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Ethnicity, nationalism/separatism

Probably the most contested cause of terrorism is an aggrieved group resorting to violence
for nationalist or separatist reasons; depending on one's point of view, this can be
considered as resistance against an (external) oppressor. Thus far, only Mahatma Ghandi
and his followers of the freedom movement have managed to liberate themselves from
foreign occupation by peaceful means (Drewermann, 2001), whereas in most other
(previously) colonised states "nationalism movements commonly turned to terrorism", it
being "the resort of an extremist faction of this broader movement" within an ethnic
minority (Crenshaw, 1981:383). Williams (1994) provides an overview on the relation
between ethnic minorities and the likelihood of conflict, for example to establish or assert
language rights, religious beliefs and symbols (1994:59), but he also includes factors like
"civil and political rights and privileges, ..., regional-ethnic parity in the economy... What
then generates perceptions of unfairness is competition/rivalry when an ethny is
subordinated or disadvantaged in economic opportunity, social status, political voice and
rights, or cultural expressions." (Williams, 1994:59)
However, the cited factors are not unique for ethnic minorities. To generalize it further,
ethnic conflict arises from a "complex combination" of class, inequality, political opportunity,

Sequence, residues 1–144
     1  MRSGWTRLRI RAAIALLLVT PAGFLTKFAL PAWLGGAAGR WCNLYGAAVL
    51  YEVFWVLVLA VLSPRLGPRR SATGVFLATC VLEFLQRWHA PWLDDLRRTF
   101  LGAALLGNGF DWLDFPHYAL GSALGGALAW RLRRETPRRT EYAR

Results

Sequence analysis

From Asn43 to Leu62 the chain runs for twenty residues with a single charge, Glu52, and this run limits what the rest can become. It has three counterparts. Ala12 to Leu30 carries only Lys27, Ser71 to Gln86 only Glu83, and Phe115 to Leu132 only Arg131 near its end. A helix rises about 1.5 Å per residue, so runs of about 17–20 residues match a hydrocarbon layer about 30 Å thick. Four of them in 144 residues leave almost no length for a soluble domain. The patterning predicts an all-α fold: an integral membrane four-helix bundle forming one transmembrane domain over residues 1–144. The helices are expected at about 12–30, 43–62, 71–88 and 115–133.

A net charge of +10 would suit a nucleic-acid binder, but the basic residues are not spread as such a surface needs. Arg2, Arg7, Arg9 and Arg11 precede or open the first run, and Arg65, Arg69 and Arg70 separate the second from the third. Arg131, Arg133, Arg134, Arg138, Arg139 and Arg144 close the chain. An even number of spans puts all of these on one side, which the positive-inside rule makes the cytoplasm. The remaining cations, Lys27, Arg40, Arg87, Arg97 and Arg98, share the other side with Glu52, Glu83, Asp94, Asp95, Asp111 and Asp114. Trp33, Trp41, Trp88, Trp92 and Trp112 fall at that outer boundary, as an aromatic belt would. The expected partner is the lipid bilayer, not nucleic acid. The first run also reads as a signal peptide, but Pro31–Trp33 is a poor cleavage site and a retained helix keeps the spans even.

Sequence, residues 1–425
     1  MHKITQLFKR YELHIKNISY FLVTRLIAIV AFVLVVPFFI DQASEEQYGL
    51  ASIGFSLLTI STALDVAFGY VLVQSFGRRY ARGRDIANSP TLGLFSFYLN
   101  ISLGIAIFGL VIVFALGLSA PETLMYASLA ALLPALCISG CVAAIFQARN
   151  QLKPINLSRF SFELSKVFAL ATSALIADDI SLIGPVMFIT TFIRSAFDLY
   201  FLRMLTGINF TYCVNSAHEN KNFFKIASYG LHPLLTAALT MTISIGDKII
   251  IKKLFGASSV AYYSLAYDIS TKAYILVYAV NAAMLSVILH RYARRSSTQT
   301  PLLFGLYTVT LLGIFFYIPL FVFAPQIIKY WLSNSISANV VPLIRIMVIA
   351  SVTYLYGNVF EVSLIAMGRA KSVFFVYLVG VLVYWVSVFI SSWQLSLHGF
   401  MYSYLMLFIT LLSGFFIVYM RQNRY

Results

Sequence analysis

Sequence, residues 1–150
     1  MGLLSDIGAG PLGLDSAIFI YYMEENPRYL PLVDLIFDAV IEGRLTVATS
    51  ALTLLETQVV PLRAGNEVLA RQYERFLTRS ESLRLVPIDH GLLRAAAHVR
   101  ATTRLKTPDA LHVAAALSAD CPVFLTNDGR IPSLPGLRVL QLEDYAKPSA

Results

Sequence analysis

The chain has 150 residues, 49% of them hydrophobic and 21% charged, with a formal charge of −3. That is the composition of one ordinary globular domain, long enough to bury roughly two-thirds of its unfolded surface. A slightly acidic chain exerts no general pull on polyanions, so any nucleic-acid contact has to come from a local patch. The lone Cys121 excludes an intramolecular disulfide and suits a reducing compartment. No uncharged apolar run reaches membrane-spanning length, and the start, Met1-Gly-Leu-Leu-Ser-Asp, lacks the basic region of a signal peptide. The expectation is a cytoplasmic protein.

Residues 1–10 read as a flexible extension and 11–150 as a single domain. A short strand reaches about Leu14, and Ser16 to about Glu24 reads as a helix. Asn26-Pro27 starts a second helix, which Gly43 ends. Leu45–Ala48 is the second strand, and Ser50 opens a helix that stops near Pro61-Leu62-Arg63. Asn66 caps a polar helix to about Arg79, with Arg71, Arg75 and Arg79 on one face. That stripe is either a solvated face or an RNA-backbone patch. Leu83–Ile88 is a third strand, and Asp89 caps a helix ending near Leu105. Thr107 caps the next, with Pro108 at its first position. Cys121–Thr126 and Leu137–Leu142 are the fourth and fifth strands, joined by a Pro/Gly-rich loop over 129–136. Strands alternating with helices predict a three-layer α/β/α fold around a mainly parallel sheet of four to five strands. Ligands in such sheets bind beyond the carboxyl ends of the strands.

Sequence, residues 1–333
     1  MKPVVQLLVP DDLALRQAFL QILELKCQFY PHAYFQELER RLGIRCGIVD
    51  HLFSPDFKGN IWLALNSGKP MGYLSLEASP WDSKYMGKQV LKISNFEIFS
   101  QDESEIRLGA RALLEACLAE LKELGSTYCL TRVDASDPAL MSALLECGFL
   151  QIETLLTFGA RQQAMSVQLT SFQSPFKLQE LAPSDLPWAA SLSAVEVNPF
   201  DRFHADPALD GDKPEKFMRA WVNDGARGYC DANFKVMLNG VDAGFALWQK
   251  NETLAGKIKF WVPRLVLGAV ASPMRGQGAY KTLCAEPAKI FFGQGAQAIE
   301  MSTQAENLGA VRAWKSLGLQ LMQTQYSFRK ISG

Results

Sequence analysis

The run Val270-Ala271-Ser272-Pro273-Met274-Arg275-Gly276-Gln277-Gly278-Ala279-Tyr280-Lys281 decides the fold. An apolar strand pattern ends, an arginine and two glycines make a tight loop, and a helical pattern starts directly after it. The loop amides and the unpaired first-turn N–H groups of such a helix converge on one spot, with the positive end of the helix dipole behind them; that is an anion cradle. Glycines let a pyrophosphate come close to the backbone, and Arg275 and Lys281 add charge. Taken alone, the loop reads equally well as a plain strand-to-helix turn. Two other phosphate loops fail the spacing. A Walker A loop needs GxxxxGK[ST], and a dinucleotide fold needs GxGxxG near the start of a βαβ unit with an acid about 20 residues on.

mobilization resources and "ethnic strength" (Williams, 1994:49). How can 'ethnic strength'
be measured, and to what extend is ethnicity (and related nationalist separatist
movements) a constructed concept? (Nevertheless, the idea works for mobilizing people).
One note of caution on the importance of ethnic conflict is appropriate. Fearon and Laitin
(1996) assessed the ratio of actual versus potential communal violence in Africa from
independence through 1979, ranging from 0.0005 for actual ethnic violence to 0.0028 (or
0.28%) for ethnic civil war, thereby claiming that incidence of ethnic conflict is hugely
overestimated due to research bias. Worded more positively: most ethnic groups live in
peace with each other.

Poverty and economic disadvantage, globalisation

A more important factor may be the social stratification Williams is referring to and
inequalities in the distribution of scarce resources. Extensive contemporary media and
literature simplify this to the poverty argument (e.g. Murphy (2001) and Kristof (2002)):